CANAJOHARIE — With approximately $2 million in funding remaining for the Exit 29 Project, Montgomery County plans to demolish about 50 percent of the western side of the former Beech-Nut plant, with hopes to gain more funding to keep progress flowing.
Local and state representatives toured the former baby food plant company on Tuesday, while discussing the all the progress that has been made at the site so just within the last few year.
Congressman Antonio Delgado said his tour of the site and the progress done so far was “encouraging.”
In the past few years the county has cleared the debris piles that were on site; have cleared hazardous materials and asbestos on the eastern side and have completed demolition of the eastern side of the site; and have cleared hazardous materials from the western side.
“You can see the change and progression overtime,” Delgado said.
“The biggest thing that’s been going on this year is the cleaning out of the hazardous materials on the western side,” said Montgomery County Executive Matt Ossenfort. “Now that is complete, we are shifting our focus to the demolition of approximately 50 percent of the structures on the western side.”
The county has divided the western side into four sections and have chosen two of those sections on the western side to be demolished next, in which Ossenfort said their rational for deciding what gets demolished next by cost of demolition and whether they will be able to reuse the buildings. He said they have the funding to demolish the sections they chose, and there is no chance those buildings could ever be used again.
“This is what we’re going to demolish next. We have the funding to complete this and there’s very little chance this will ever be reused, so with the remaining funding we have, that what we’re going to work on,” Ossenfort said.
“These buildings were built one on top of the other on top of the other over the period of 100 years,” Ossenfort added.
Once those sections are demolished, all that would be left is building 17, which is where the corporate office spaces once were, and one other section that were “distribution type warehouses”, Ossenfort said.
“There is a lot of debate over if we should keep 17 or if we should not keep 17 — the corporate offices — and we’re going to continue to have that debate for some time, but we don’t have to make that decision yet,” Ossenfort said.
Completing the demolition of those buildings could take approximately six months.
“But all the while, we are working with developers, and having talks with developers. We’ve negotiated and our work with the state historic preservation office, and we’re set to move forward really with everything we plan to do,” Ossenfort said. “There’s definitely been interest by about half a dozen different developers that have expressed their various levels of interest and we are working with each of those to get them the information they need and try to see if this site is going to work for them and if they want to commit moving forward.”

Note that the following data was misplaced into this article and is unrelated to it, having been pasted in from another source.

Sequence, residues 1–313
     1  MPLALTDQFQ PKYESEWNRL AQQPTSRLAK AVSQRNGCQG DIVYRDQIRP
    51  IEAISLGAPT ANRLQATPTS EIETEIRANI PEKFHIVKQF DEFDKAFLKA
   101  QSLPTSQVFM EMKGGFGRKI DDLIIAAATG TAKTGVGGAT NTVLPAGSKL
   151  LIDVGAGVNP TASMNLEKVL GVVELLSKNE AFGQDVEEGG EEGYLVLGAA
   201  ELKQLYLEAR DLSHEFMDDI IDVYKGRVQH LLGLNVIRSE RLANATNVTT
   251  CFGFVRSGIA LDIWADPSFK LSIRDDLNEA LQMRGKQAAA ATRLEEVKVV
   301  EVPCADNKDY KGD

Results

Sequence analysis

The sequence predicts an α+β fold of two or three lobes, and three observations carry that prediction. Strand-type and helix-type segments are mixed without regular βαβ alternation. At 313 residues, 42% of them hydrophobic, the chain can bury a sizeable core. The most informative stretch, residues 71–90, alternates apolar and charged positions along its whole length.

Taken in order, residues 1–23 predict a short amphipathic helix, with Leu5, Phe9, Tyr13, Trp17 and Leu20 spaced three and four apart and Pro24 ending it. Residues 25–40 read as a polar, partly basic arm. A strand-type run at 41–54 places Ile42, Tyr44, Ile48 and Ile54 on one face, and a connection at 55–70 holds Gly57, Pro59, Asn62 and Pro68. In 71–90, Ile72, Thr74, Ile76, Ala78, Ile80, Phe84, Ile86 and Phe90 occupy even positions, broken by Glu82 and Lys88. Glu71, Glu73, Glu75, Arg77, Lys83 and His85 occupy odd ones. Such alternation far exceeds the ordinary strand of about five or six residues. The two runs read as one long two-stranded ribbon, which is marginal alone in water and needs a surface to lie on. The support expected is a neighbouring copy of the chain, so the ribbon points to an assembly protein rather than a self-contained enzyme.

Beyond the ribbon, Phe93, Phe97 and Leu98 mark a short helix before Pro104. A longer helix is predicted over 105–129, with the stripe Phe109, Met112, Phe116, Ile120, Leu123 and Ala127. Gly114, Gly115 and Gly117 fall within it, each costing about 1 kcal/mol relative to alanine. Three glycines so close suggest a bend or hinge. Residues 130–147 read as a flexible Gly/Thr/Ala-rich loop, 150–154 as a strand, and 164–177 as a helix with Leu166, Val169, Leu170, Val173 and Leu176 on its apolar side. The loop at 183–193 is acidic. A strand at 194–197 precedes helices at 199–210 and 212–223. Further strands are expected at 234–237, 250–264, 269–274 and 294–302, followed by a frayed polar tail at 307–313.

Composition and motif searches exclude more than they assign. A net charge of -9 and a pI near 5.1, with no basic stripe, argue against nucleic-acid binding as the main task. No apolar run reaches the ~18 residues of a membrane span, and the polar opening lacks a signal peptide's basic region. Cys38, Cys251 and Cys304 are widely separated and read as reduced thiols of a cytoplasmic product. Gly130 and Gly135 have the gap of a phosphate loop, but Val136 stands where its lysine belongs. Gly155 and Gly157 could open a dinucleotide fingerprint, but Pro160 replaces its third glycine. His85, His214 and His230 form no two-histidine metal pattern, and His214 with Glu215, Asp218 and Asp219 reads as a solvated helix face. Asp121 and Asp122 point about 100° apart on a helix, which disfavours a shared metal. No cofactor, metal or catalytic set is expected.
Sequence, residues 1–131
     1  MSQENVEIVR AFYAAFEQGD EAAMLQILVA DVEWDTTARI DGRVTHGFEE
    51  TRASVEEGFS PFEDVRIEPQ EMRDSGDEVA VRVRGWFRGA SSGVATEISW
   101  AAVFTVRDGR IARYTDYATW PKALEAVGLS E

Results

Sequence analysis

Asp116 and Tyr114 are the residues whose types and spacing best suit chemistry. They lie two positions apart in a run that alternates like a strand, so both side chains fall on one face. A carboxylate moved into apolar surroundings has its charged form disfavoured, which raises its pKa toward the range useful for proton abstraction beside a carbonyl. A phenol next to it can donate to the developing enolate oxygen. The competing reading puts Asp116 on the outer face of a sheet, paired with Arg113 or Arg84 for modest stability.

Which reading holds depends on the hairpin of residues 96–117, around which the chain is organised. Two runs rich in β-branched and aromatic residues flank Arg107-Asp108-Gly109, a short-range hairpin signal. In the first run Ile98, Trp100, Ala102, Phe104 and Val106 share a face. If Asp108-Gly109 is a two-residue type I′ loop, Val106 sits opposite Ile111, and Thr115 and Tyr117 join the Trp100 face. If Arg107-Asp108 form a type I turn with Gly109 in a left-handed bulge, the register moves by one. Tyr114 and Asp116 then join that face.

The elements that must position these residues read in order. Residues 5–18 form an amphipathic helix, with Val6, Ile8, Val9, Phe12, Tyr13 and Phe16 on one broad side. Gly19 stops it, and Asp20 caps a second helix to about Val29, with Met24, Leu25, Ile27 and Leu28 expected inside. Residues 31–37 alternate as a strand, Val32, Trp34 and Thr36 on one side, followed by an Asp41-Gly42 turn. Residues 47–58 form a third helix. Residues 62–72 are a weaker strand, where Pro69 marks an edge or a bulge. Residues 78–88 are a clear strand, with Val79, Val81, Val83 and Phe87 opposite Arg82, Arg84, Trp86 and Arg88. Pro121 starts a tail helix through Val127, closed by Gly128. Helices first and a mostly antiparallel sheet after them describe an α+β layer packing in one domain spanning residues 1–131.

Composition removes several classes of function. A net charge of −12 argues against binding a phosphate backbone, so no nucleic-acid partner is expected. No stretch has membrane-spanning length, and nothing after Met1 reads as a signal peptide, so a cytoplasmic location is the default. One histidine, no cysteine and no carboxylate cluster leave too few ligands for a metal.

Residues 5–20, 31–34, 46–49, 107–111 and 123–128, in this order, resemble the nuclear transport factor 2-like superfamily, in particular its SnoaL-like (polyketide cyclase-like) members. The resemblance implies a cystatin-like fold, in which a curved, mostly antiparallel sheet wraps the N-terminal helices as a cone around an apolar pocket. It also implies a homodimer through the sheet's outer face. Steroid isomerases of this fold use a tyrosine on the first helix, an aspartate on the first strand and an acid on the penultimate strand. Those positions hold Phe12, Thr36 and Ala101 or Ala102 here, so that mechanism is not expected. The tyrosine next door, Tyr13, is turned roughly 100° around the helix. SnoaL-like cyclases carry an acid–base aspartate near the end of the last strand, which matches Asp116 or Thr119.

“Hopefully in the long run it will bring jobs to the area,” Delgado said. “If we can get private investors in this area, we can get foot traffic into this area, that’s going to generate more economic activity, that’s going to generate more sales tax revenue, that’s going to generate more opportunities for investment in the community, over time.”
Ossenfort said the county would need more funding to continue work and demolition on western side which was the goal of having Delgado tour the site.
“Obviously we used the state and federal government as resources, we’ve had a number of conversations with the congressman, but have not had the chance to show him firsthand exactly what we’re dealing with,” Ossenfort said. “So today was a day to really let him see for himself the progress we’ve made, but also really communicate the vision that we have for the future and I think we accomplished that and we certainly appreciate all his help up to this point and certainly expect that continue moving forward.”
Delgado said to help push along the progress made, he could help with obtaining grant funding, or getting a bucket of funding as he did for the Redeveloping America Act.
“This type of project to me is exactly the kind of project that bucket of funding can be utilized,” he said.